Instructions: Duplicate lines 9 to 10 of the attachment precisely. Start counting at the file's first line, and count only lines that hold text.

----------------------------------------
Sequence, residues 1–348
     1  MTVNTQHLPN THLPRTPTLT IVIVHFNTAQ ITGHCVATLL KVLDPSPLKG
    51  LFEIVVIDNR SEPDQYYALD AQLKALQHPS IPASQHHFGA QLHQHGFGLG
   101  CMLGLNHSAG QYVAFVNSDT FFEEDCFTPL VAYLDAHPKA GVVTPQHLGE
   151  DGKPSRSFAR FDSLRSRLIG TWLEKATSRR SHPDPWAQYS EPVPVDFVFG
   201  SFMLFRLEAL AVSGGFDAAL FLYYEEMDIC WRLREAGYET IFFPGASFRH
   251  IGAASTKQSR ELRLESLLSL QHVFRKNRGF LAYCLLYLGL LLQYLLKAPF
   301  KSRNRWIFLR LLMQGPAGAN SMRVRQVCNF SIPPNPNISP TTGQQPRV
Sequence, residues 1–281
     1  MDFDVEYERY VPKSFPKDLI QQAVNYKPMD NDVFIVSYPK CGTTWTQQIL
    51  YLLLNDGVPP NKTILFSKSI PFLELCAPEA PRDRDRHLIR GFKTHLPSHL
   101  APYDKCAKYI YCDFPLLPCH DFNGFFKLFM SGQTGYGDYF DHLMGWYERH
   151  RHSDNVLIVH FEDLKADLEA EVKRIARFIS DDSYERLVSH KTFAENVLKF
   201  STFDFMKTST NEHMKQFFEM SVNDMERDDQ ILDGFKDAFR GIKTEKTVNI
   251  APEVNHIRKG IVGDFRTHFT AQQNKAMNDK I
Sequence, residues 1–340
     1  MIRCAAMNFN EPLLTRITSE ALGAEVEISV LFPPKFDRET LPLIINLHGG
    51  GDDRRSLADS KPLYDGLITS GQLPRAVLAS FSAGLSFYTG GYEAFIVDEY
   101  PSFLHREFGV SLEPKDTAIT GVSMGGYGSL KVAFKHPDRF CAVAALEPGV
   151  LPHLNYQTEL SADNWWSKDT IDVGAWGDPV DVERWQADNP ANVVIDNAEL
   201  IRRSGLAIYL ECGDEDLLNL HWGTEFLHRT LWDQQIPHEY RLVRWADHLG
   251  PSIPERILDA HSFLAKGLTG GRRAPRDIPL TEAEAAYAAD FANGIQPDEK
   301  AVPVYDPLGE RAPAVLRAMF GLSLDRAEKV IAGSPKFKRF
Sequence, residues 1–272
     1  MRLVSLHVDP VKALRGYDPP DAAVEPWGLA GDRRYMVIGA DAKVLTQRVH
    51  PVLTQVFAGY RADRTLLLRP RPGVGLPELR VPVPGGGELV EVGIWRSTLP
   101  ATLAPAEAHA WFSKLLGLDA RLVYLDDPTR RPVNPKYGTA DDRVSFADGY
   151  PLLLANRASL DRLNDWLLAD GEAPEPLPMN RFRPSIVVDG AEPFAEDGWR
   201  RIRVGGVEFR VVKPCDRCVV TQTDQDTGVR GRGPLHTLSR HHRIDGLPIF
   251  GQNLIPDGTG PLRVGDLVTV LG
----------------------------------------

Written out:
Sequence, residues 1–281
     1  MDFDVEYERY VPKSFPKDLI QQAVNYKPMD NDVFIVSYPK CGTTWTQQIL